Toddler girl sitting at a table with stickers with golden retriever dog

The Benefits of Having a Pet

Are you debating whether or not to have a pet join your family? A pet can be a perfect addition to your child’s life and has the potential to provide much more than loyalty and afternoon cuddles. Having a pet in your home can actually boost your child’s emotional, physical and intellectual vitality.

From an emotional perspective, a pet can distract a child from pain, unpleasant medical treatments and general anxiety associated with a difficult diagnosis.  Certified therapy dogs are often incorporated into treatment plans at children’s hospitals for this very reason.  While your child may not be dealing with an extended hospital stay, a pet can help relieve the everyday stress associated with “boo-boos” or sad feelings.  A pet provides warmth, comfort and a sense of familiarity, which may give your child extra emotional support in times of uncertainty.

As a whole, growing children are susceptible to getting sick. But, those who have pets tend to develop stronger immune systems. In fact, having a pet in a household can lower a child’s risk of developing common allergies and asthma. Children love playing with pets, which offers an easy opportunity for more physical activity.  Increased exercise while actively engaging with a pet helps improve overall health and well being.

Pets are also great for children with disabilities. Certain pets can make every day activities easier and safer for a child. Dogs tend to be the animals that are best able to provide assistance to the disabled. After extensive training, certified therapy dogs can assist children with disabilities such as:

  • Blindness – Guide dogs are trained to be the “eyes” for a blind person. This can help make tasks like crossing the street and traveling easier and safer.
  • Deafness – Hearing dogs are able to alert children of important sounds such as alarms, telephones, or a friend talking to them.
  • Diabetes – Diabetic alert dogs are trained to sense when a child’s hypoglycemia levels change. This change is undetectable by humans without a blood sugar test.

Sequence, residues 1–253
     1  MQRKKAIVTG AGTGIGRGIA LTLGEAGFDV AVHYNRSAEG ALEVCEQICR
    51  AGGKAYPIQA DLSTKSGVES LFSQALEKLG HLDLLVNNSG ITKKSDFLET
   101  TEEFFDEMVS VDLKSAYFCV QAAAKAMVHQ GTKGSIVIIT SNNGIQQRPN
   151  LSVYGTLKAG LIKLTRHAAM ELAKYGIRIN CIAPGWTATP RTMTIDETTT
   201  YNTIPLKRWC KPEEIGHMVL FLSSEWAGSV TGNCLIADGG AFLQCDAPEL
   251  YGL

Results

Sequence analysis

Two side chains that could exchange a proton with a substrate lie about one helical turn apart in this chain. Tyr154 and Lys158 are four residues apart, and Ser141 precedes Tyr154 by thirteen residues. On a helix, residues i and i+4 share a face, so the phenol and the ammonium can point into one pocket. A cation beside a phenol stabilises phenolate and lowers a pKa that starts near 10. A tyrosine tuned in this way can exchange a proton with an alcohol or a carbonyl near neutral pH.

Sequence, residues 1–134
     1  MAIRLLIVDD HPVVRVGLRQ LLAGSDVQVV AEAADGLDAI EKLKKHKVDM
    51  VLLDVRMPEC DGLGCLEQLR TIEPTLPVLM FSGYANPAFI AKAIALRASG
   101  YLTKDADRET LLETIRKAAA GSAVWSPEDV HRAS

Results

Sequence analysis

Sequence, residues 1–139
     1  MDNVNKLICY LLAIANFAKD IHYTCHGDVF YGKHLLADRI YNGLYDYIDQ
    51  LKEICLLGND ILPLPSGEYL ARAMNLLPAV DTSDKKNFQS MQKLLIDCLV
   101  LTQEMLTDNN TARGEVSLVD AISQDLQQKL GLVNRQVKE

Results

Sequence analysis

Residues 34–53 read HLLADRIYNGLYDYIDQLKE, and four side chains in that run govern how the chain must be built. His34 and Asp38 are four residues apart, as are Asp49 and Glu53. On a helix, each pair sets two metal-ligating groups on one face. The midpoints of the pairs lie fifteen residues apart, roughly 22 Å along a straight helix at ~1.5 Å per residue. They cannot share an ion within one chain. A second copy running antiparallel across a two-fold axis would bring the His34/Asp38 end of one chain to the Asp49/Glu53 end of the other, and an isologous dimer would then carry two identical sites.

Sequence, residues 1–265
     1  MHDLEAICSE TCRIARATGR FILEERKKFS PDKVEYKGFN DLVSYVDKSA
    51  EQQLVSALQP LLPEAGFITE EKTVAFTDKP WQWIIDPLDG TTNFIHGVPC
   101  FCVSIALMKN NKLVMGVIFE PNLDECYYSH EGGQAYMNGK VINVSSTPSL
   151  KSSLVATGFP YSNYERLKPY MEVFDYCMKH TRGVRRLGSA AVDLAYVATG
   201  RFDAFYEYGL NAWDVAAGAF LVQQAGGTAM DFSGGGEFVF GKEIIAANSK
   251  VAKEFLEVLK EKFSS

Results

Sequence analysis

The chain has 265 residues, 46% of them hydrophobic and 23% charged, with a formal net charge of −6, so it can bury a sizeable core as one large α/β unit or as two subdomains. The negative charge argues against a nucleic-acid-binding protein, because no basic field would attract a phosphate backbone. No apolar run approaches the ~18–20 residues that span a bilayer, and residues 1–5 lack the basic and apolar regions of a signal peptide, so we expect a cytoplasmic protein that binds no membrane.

• Epilepsy – Seizure response dogs initially are used to call for help or to protect a child while he or she is seizing. Some dogs, after a long period of time, are able to sense an oncoming seizure.

Pets can offer more than just emotional and physical support; they can also provide intellectual support.  Children who are learning to read may feel more comfortable reading aloud to a pet.  This sense of companionship and support may also help a child to engage in conversations and better interact when a pet is present.  As a pet may help support communication and reading skills, children with pets may feel an increased sense of accomplishment and satisfaction.

In the formative years of a child’s development, a pet can serve as a confidant, playmate and best friend.  A pet can be a wonderful addition to any growing family.

Why do you want to add a pet to your family?

“Animal Assisted Therapy for Special Needs Children.” Equine Therapy. Web. 24 October 2013.

<http://www.equine-therapy-programs.com/special-needs-children.html>.

David, Jeanie Lerch. “5 Ways Pets Can Improve Your Health.” WebMD. WebMD, LLC. Web. 24 October 2013. <http://www.webmd.com/hypertension-high-blood-pressure/features/health-benefits-of-pets>.

Meyer, David. “10 Reasons Pets are Good for Kids.” Oprah. Harpo Productions, Inc. 10 June 2010. Web. 24 October 2013.  <http://www.oprah.com/relationships/10-Reasons-Pets-Are-Good-for-Kids>.

McCandless, Sarah Grace. “Top 5 Health Benefits of Owning a Pet.” Animal Planet. Discovery Communications, LLC. Web. 24 October 2013. <http://animal.discovery.com/pets/benefits-of-pets.htm>.

<http://www.doggiebuddy.com/topics/pdf/assistance.pdf >.

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